Nightlands, a group led by Philadelphia/North Carolina-based Dave Hartley (The War on Drugs), returns with their first new project in five years: Moonshine. This spacious, ethereal album accomplishes a lot despite its short runtime of 32 minutes. Delineations of genres are hazy at best, with elements of progressive and psychedelic rock pairing with dreamy synth-pop and robotic vocal choruses.
When Moonshine works, it works well. Seemingly disparate influences blend into complex arrangements, wound together in interesting and unexpected ways. “With You” is a triumph because it’s just as effective as background accompaniment as it is for focused listening; countless synths are interwoven together, creating an irresistible groove and seemingly bottomless complexity. Other highlights include the beautiful and haunting synth arrangements featured on “Greenway,” and the complex and multilayered vocal harmonies on “Moonshine.”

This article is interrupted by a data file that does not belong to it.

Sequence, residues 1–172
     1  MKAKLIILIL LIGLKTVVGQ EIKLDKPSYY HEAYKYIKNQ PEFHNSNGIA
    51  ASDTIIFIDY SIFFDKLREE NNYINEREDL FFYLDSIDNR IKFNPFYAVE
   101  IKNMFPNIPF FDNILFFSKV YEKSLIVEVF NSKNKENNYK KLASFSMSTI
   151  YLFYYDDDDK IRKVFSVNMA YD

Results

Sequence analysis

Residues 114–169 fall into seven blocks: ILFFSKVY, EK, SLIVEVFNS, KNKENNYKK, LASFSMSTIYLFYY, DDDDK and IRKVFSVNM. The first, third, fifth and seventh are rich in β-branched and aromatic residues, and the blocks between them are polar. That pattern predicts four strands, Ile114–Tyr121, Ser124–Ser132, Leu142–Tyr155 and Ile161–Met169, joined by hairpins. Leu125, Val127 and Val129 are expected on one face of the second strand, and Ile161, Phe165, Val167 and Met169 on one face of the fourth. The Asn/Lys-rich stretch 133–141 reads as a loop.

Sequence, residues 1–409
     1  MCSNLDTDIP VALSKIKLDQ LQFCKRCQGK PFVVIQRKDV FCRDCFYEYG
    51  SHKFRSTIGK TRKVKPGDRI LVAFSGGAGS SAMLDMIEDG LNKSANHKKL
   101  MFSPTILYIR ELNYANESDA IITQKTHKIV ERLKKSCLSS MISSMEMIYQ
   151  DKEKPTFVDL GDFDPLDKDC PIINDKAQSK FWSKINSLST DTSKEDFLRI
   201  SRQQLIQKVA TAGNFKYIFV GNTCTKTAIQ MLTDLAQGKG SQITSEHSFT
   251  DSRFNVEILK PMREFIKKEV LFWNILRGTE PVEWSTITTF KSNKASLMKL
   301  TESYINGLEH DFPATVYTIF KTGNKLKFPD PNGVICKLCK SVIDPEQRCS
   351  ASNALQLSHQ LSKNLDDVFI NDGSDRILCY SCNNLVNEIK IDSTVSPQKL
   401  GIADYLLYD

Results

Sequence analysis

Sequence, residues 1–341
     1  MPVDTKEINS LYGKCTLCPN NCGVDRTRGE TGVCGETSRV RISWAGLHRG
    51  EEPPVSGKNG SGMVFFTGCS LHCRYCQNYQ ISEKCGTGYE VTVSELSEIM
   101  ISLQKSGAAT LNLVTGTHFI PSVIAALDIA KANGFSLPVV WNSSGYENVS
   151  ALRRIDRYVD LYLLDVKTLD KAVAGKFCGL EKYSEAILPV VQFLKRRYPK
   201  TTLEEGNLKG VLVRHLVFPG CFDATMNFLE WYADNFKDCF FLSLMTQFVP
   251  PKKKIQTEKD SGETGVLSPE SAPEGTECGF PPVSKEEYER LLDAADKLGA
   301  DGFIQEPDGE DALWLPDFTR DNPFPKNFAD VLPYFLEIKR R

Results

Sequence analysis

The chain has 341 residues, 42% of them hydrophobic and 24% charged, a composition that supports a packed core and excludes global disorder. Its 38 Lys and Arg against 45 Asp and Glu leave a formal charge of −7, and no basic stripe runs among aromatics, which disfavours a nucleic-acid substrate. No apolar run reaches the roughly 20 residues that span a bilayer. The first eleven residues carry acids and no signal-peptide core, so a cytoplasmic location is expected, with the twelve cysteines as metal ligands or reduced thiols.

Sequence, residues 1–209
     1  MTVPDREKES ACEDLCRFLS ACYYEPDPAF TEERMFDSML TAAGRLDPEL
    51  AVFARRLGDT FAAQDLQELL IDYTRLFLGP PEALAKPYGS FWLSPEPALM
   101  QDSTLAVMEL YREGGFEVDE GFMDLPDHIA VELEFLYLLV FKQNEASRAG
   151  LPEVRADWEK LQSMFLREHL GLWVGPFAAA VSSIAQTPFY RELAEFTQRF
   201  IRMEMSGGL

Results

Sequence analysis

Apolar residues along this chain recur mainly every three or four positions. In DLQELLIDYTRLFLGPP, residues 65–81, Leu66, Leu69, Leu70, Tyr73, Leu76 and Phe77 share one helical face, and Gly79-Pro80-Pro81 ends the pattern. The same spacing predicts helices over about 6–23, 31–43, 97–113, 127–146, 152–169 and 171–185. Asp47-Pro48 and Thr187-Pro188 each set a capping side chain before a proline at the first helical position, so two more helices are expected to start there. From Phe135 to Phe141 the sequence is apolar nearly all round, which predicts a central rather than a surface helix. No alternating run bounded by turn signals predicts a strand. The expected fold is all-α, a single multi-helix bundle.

Moonshine takes inspiration from the likes of Daft Punk and Mild High Club, which is most clearly seen on the bubbly, arpeggiated synth featured on “Stare Into the Sun.” While these elements work, they never quite develop into a greater sound unique to Nightlands, leaving the album to feel like a mish-mash, unsure of what it wants to be. “No Kiss for the Lonely” is the best example of Moonshine’s sonic indecision. Many genres and influences are pushed together here, and it ranges from interesting contrast to total incongruence – all in the same song.
At its best, Moonshine delivers a dense and intertwined sonic atmosphere, one that you could listen to over and over and still pick out new aspects each time. But at several points throughout the album, this delicate arrangement becomes undone, leaving the result to sound like less than the sum of its parts. This is a big step for Nightlands as they develop their sound – but not the destination.